There's an assumption made by scientists who study the cosmos that our sun, planet, solar system, galaxy, and our location in these are all pretty much the norm in the universe. There's nothing special about where we are or the conditions which exist in our galactic neighborhood. Our planet and our place in the universe are, it has been said, mediocre.
Unfortunately, for adherents to the Principle of Mediocrity, this idea has become more difficult to maintain of late, having suffered numerous insults at the hands of research scientists themselves over the past several decades. Books like Rare Earth and Privileged Planet summarize their findings and make a powerful case that the earth is special indeed in a host of important ways.
Now comes news that not only are planets like our earth probably quite rare in the universe so are solar systems like ours. Science Daily reports on an article scheduled to appear in an upcoming edition of the journal Science:
Prevailing theoretical models attempting to explain the formation of the solar system have assumed it to be average in every way. Now a new study by Northwestern University astronomers, using recent data from the 300 exoplanets discovered orbiting other stars, turns that view on its head.
The solar system, it turns out, is pretty special indeed. The study illustrates that if early conditions had been just slightly different, very unpleasant things could have happened -- like planets being thrown into the sun or jettisoned into deep space.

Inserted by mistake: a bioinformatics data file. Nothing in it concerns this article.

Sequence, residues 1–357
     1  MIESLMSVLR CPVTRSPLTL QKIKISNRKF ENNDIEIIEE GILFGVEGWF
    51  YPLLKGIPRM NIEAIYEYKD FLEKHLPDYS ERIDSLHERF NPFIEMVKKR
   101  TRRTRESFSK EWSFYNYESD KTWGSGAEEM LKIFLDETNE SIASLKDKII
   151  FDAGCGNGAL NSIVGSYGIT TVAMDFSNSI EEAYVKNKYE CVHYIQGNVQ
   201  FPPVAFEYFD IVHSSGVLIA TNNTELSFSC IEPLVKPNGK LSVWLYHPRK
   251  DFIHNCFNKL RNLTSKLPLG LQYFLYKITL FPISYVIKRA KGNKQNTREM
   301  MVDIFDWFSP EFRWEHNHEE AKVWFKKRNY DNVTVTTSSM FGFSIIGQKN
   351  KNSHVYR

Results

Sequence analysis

Solar systems must be similar to ours if life is going to flourish in them. For instance, ours is a relatively stable system compared to what almost every other system is like. Also, the large gas giants in the outer regions of our solar system act as vacuum sweepers attracting meteors and comets into their bosoms and protecting the earth from their impact. The distribution of the planets and the size of the sun ensure that gravitational effects do not exert a destructive influence on the earth's orbit. The list goes on, but read what Science Daily says:
The [computer] simulations suggest that an average planetary system's origin is extremely dramatic. The gas disk that gives birth to the planets also pushes them mercilessly toward the central star, where they crowd together or are engulfed. Among the growing planets, there is cut-throat competition for gas, a chaotic process that produces a rich variety of planet masses.
Also, as the planets approach each other, they frequently lock into dynamical resonances that drive the orbits of all participants to be increasingly elongated. Such a gravitational embrace often results in a slingshot encounter that flings the planets elsewhere in the system; occasionally, one is ejected into deep space. Despite its best efforts to kill its offspring, the gas disk eventually is consumed and dissipates, and a young planetary system emerges.
"Such a turbulent history would seem to leave little room for the sedate solar system, and our simulations show exactly that," said Rasio. "Conditions must be just right for the solar system to emerge."
Too massive a gas disk, for example, and planet formation is an anarchic mess, producing "hot Jupiters" and noncircular orbits galore. Too low-mass a disk, and nothing bigger than Neptune -- an "ice giant" with only a small amount of gas -- will grow.
"We now better understand the process of planet formation and can explain the properties of the strange exoplanets we've observed," said Rasio. "We also know that the solar system is special and understand at some level what makes it special."
"The solar system had to be born under just the right conditions to become this quiet place we see. The vast majority of other planetary systems didn't have these special properties at birth and became something very different."
The more we learn about the cosmos and about life the more difficult it is to think that it's all just a fortuitous accident and the easier it is to think that conscious purpose lies behind it all.
Artist's rendition of the formation of the solar system
Graphic representation of the solar system (not to scale)RLC